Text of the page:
Monday, May 22, 2006

Were you the git in the silver Clio?

The joy that is training for the "end-to-end" run continues. Today we had our first taste of the British summer - rain and bucket loads of it.

I didn't notice it at first. Daryl, aka South Park's Cartman, was berating me on the grounds that the articles I write for Dive Aid are one-sided. Of course they are you hapless gimp! Now, if you find any way of putting stuff on this website you're welcome to redress the balance.

In all truth my ire wasn't directed at slimboy fat Daryl today at all. Several of our road and pavement sharers were unappreciative of our efforts and give him his due Daryl was today "the Englishman who climbed a mountain and came down a hill" or however that goes.

Not that he didn't deserve a bit of piss-taking. My dad had to pull tight the gear cable that Daryl snapped on the spare bike in order for me to fasten it. The poor old boy with his arthritic hands, it was like wire cutting through cheese (or it would have been if he hadn't wrapped the cable round a wooden block). Shame on Daryl!

So we set out in the rain and Mother Nature chose the first 30 minutes of the ride to sling everything wet at us that she had in her arsenal. It was a deluge. I'd put on my lairy tights and fluorescent top in anticipation of just such an occurrence and Daryl hadn't.

We only had an hour to train as Daryl had to take his new puppy to the vets for its shots - brilliant excuse. We headed up Whipsnade hill, which I thought we could do with a following wind. I was wrong. It is very steep and I suffered heart palpitations as I waited at the top for Daryl. Walking his bike up the hill in the pouring rain, I realised I'd rarely, if ever, seen a more pathetic creature. Cars drove past us, splashing us without a care as now the road was covered and the camber had produced a mini-torrent that ran fast downhill, taking debris with it.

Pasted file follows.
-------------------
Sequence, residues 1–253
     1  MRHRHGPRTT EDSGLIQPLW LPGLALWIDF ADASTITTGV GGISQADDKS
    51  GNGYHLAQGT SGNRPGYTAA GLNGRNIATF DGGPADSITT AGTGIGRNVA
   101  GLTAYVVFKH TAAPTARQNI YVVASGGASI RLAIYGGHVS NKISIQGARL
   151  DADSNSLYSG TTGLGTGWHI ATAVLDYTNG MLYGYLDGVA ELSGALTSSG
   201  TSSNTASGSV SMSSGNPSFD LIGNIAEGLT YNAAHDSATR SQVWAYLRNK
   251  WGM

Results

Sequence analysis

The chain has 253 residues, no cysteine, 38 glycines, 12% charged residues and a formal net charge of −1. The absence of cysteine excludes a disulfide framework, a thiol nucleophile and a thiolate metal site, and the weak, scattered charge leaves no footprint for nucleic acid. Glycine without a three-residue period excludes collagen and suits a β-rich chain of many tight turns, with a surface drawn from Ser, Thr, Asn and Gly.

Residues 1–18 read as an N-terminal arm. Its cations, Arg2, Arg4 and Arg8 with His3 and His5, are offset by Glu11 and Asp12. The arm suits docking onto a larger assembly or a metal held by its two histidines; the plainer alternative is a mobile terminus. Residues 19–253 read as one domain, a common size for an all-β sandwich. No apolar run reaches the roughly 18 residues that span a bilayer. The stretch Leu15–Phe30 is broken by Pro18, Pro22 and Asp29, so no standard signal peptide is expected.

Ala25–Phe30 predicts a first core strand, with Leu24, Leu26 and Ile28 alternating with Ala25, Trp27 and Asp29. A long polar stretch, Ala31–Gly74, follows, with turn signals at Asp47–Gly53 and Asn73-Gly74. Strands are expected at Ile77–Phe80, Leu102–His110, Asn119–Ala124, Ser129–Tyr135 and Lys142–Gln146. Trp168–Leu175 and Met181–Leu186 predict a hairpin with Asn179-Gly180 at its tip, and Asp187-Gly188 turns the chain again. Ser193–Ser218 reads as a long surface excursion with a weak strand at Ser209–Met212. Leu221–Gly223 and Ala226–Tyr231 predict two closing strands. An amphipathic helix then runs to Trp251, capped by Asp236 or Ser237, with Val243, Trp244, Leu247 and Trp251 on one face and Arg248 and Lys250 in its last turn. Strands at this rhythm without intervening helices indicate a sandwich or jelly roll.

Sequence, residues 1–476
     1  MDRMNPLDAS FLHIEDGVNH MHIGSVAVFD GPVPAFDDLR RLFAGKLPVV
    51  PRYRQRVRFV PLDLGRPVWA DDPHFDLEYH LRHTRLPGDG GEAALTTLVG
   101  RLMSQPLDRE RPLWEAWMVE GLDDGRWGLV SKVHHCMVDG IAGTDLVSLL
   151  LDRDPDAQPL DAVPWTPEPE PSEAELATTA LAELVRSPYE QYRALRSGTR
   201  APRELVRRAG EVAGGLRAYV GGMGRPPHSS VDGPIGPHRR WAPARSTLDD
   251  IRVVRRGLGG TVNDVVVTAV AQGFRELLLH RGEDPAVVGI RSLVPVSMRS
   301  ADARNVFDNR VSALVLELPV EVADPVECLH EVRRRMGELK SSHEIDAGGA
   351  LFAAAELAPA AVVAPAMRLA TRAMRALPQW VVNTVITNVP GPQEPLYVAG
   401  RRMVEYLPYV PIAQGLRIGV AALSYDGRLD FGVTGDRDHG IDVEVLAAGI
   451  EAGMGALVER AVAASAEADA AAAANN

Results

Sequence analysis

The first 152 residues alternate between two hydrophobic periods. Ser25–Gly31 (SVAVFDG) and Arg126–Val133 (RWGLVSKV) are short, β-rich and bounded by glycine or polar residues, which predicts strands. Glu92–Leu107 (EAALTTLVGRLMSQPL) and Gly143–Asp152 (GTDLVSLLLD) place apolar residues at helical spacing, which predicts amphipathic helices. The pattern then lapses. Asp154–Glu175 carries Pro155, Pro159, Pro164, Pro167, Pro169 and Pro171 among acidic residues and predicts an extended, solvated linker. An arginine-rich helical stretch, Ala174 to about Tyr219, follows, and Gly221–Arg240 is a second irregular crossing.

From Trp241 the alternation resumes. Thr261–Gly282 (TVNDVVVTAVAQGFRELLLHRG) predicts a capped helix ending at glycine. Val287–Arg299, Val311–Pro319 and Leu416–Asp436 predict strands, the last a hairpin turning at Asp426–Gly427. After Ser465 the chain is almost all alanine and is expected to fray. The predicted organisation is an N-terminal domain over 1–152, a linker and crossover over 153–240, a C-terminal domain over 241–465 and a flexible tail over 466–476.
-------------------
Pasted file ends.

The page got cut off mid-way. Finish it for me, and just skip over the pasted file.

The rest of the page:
We made it up to the top of the Downs, the other way this time, without further incident and Daryl acquitted himself very well on the climb. By the time we reached Totternhoe and Eaton Bray, however, we could barely recognise the roads as the ones we'd cycled only 45 minutes before. Giant puddles stretching right across them obscured potholes, but luckily our bikes discovered each and every one of them.

Then, as we cycled through the largest puddle by far, a git in a silver Clio (on his mobile phone no less) floored his accelerator and tanked it, throwing a wave of water at each of us that any surfer would have been proud to ride. Wanker. Sodden became saturated and to add insult to injury a pedestrian in Eaton Bray made no attempt to cover up her laughter at my tights. Less than a mile from the house Daryl took the lead again in what has now become his customary not-sprint finish.

We got home. Poured rainwater out of our shoes and discussed what we'd like to do to the driver of the silver Clio. Then Daryl got me to inspect his dirty pants.

Daryl and his Pants


SamC said...

Look Guy, I know you're a bit strange and it' supposed to be brightening up everybody's day - but those tights!!!!!??

Since Daryl and I ran the 10k last year I am finding it hard to believe that he's the 'Porky Slow Wheels' that you make out... I view progress with interest, and puddles with eageress.

Yours Sincerely

Silver Clio Driver

Wednesday, May 24, 2006 1:03:59 PM  

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